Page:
Interesting solution you propose. I think I'd be happy with it, and would appreciate the degree of control Zerene provides. The labs might be another thing - cost and simplicity are the most important factors. The ~$280 extra for the Stackshot over the WeMacro is a factor. Also I think the added complexity of using 2 pieces of software would be a problem for them.

Thanks again.
David Garnick

Duke
Posts: 73
Joined: Tue May 12, 2020 10:06 am
Location: Leningrad, USSR
Contact:

Re: Mirrorless tethered stacking?

Post by Duke »

dgarnick wrote:
Wed Apr 07, 2021 3:40 am
Zed - Thanks for the helpful reply. So far I've only gone up to 10x, but vibration hasn't been an issue using EFCS with mirror-up. The labs probably would go up to 10x, possibly 20x.
EFCS certainly is a great thing, it does allow you to get the single picture without shutter shock. However, there's still some vibration, when back curtain falls down, this movement can result in some minor image position change on higher magnifications (20x, 50x and up), usually on 50x it's about 1-2px, according to auto alignment logs in stacking software I use. That's not ideal, and also the shutter has limited lifespan (my Canon 500D is currently about to hit the limit ~400k, the shutter already been stuck a dozen times, but I was able to fix it manually).
Full electronic shutter would be a nice thing to have, also pixel shift. Canon doesn't have it, what a shame, but annoyingly it is still, the most convenient solution for the working environment, in fact this is why I will continue to use this old, noisy, half-dead piece of junk (500D) at my workplace until it finally dies. Maybe till then we'll get a Canon model with FES, PS or other equally convenient solution, regardless, will it be DSLR or mirrorless — doesn't matter that much.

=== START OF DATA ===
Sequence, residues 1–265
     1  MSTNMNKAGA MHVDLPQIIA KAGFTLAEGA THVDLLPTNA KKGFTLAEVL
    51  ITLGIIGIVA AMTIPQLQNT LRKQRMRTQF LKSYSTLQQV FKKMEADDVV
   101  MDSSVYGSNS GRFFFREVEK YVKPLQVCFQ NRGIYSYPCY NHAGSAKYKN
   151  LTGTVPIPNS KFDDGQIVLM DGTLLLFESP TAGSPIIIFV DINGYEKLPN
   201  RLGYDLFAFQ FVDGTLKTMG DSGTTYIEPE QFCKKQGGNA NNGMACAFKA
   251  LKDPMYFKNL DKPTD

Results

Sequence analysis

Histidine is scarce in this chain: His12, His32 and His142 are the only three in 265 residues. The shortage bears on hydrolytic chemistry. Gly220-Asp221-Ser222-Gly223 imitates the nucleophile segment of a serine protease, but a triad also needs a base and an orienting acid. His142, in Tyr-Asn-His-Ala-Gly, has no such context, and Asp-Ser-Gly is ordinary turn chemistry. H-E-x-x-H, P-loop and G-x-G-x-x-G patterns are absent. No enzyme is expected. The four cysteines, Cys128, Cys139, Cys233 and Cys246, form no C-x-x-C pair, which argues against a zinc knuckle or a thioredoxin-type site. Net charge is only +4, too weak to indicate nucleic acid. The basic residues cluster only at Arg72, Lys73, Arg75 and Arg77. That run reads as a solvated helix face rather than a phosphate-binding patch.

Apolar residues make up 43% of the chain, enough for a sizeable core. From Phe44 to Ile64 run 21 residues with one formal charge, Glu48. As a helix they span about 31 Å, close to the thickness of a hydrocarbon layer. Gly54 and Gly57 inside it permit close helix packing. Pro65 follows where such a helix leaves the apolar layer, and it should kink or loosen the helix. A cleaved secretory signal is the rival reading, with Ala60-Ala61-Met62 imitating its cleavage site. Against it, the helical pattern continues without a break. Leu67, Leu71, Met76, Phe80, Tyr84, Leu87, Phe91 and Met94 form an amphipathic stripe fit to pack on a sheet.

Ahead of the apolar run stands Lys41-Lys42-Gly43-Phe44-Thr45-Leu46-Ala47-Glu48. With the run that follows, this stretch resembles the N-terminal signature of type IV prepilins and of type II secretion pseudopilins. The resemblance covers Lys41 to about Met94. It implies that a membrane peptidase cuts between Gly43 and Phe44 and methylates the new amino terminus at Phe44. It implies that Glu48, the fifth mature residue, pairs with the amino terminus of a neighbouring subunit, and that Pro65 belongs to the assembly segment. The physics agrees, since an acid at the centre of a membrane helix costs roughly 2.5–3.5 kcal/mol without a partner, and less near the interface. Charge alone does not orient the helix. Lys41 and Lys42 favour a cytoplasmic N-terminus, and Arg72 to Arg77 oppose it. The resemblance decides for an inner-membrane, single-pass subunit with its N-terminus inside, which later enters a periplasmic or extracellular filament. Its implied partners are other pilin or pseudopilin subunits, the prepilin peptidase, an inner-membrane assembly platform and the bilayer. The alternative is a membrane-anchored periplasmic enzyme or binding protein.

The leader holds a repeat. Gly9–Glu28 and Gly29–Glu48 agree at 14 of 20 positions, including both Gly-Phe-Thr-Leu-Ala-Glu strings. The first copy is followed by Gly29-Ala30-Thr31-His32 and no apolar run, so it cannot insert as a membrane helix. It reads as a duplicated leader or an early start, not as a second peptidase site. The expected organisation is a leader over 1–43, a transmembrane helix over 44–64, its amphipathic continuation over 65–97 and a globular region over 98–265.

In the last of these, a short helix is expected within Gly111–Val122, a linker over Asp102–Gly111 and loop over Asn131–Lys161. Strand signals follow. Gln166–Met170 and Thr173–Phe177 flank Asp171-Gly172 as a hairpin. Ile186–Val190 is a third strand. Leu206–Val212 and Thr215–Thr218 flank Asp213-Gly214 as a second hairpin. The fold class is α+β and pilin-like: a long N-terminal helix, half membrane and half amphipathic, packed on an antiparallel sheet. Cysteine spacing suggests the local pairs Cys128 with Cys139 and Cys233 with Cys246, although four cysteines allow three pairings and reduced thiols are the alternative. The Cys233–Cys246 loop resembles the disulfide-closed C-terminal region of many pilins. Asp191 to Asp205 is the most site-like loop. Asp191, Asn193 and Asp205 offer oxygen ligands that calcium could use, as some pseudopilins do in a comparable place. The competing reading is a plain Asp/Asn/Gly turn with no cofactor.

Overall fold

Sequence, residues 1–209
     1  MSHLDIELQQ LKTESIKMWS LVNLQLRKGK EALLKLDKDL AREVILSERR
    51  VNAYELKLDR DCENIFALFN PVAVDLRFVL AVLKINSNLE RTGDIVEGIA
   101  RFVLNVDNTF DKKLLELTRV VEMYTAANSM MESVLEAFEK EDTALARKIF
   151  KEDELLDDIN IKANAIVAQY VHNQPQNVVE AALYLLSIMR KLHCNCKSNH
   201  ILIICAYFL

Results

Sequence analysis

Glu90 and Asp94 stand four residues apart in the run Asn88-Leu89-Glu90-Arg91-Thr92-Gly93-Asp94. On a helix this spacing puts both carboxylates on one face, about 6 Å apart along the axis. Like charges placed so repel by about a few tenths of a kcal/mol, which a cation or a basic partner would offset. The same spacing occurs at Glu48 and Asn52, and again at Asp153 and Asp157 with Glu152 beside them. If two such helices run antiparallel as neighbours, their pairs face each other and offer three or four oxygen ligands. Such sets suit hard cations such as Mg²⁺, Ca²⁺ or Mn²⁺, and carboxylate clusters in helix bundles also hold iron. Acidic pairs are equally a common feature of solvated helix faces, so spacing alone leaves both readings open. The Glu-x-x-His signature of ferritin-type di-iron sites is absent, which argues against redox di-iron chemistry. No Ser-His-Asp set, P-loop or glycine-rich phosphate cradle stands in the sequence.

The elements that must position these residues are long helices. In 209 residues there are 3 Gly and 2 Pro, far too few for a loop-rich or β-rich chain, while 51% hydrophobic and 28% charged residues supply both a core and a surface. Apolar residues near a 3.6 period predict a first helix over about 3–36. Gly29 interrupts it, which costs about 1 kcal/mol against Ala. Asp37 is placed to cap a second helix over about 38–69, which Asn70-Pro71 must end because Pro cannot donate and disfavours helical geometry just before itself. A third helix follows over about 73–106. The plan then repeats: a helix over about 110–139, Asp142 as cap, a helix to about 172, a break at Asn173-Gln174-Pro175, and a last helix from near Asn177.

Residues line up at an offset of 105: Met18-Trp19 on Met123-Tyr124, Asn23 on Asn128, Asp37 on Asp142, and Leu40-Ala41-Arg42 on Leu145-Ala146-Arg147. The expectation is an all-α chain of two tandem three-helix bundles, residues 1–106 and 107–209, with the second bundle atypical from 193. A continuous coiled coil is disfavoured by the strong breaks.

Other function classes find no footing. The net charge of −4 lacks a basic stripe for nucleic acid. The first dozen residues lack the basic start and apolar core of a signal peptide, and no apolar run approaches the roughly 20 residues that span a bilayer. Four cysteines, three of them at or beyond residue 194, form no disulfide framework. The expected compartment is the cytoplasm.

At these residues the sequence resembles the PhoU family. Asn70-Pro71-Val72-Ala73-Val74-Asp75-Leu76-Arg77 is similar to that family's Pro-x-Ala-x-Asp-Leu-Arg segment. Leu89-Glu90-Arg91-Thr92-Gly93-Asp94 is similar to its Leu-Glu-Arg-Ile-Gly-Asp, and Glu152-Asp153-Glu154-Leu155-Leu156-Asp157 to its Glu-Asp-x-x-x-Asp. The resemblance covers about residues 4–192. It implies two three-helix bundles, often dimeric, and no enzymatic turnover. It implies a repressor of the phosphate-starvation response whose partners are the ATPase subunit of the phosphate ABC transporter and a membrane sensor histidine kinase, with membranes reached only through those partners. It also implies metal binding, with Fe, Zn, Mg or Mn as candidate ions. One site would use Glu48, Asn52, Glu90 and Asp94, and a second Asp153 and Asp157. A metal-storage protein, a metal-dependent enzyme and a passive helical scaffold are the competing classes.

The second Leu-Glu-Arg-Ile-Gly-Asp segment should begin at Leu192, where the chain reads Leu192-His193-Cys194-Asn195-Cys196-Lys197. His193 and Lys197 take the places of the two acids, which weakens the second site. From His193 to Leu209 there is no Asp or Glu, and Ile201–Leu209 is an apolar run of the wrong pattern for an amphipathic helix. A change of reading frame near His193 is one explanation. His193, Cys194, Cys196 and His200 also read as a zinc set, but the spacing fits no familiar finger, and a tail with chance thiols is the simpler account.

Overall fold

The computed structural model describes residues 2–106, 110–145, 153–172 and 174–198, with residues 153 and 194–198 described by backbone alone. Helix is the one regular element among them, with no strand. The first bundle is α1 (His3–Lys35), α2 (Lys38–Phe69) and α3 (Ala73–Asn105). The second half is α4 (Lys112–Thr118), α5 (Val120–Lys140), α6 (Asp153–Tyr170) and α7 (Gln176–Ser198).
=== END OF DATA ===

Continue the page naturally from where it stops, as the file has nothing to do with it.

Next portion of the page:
“Thoroughly conscious ignorance is the prelude to every real advance in science.” - JCM

dgarnick
Posts: 13
Joined: Mon Nov 30, 2020 10:56 am
Location: Berkeley, California
Contact:

Re: Mirrorless tethered stacking?

Post by dgarnick »

Duke - Thanks for sharing your experience. I think I'm going to recommend a DSLR given the software setup will be simpler. I might suggest a Nikon D810 if they are okay with buying off ebay. Higher res, and Nikon started counterbalancing the shutter with that model, and supposedly that further reduces shutter shock. Otherwise, probably the Canon 6D ii.

I think they'll be happy, and by the time they need to replace it, as you suggest, there might be better options.
David Garnick

Pau
Site Admin
Posts: 5435
Joined: Wed Jan 20, 2010 8:57 am
Location: Valencia, Spain

Re: Mirrorless tethered stacking?

Post by Pau »

Some Canon have full electronic shutter, at last the APSC M6 Mk II and the EOS R series
https://www.photomacrography.net/forum/ ... 32#p271732

Unfortunately no pixel shift for now.
Pau

dgarnick
Posts: 13
Joined: Mon Nov 30, 2020 10:56 am
Location: Berkeley, California
Contact:

Re: Mirrorless tethered stacking?

Post by dgarnick »

Unfortunately there isn't a simple tethered stacking solution for those :(
David Garnick

Post Reply Previous topicNext topic